Pick the right surfboard size
There are a few rules of thumb:
- If you are a beginner, your board choice will be based around a super stable board that can float you. A general guide to surfboards for beginners is that your board will be wide, and it will be thick. It needs to be at least one foot taller than you are, but it can be any length up to 10 foot, as long as you can paddle it and not fall off.
- A guide to choosing a longboard is similar. Still, when it comes to a longboard, it’s ok to get a heavier and stronger board as it will often be going in fairly straight lines.
- A guide to choosing a small board if you’re a competent surfer is that it needs to be about 4 inches longer than you are. If it’s longer than that, it might make it a bit cumbersome, but anything less than that could be too short and whippy.
- The under-the-arm rule. If you watch someone feeling a new board for the first time and tend to pick a board up and feel it by holding it under an arm. Sometimes a board just feels right immediately, and sometimes a board feels a little bit off. It’s an intuitive process, and it works for experienced surfers.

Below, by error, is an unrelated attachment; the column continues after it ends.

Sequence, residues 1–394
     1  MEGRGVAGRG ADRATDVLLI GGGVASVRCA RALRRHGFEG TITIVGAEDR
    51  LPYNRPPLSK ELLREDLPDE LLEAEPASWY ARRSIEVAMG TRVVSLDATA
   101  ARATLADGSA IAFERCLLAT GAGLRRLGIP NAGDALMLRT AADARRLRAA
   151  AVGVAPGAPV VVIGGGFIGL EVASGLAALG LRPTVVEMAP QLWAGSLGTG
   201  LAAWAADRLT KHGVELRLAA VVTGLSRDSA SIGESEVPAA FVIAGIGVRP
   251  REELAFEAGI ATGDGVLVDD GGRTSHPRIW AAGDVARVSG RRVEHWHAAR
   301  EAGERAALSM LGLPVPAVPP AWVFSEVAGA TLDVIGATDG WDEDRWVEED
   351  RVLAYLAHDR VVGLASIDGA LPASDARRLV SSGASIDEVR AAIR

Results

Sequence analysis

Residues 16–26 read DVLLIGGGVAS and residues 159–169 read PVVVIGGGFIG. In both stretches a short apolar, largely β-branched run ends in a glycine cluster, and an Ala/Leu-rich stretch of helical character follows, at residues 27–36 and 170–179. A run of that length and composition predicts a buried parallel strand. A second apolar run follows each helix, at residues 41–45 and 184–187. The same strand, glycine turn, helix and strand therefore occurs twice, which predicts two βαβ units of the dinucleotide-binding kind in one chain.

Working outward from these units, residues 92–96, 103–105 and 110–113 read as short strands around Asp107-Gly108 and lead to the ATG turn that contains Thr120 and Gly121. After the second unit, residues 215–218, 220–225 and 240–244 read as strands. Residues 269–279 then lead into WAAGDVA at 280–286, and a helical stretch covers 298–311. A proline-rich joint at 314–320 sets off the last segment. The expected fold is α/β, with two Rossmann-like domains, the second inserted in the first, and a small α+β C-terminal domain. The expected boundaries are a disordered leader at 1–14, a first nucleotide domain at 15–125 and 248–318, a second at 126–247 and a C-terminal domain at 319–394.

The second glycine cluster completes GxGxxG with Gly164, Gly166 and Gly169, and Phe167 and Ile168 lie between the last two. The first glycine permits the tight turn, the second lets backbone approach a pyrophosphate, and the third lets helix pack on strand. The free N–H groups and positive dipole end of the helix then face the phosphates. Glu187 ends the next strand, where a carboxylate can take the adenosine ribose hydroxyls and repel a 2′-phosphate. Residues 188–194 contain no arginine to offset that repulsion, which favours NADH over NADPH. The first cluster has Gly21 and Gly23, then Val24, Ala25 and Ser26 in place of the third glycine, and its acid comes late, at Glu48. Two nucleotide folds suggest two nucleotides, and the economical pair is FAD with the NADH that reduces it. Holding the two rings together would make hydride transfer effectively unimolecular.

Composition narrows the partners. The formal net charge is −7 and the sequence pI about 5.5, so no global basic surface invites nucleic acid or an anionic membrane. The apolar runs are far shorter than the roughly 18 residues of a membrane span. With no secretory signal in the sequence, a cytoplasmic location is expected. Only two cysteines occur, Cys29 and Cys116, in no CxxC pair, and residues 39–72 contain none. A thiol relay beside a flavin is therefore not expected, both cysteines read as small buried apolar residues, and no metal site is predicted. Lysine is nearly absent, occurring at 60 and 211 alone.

Most surfboard brands have a volume calculator on their website, that will guide you to the right dimensions.
Your level of expertise determine the surfboard type
1. Absolute beginner
For this category, you’re going to need a forgiving surfboard, most likely a fun board or a soft top, that has plenty of volume and is really forgiving. Soft, easy rails, lots of foam, a surfboard made to paddle well and catch waves easily.
2. Competent surfers
These surfers know what they’re doing, and they know what they want to do on a wave. Still, sometimes the body doesn’t synch perfectly to the mid at this stage, and these surfers need to practice a bit harder and get closer to their 10,000 hours. These surfers need less board, though, and while it isn’t time for a high-performance shortboard, these surfers will enjoy a fun board, a retro board, a fish, and a mid-length type of surfboard. This equipment is made to paddle effortlessly and catch waves, but with enough high-performance tweaks in the outline and the rocker to enable those surfers to do some fairly radical turns.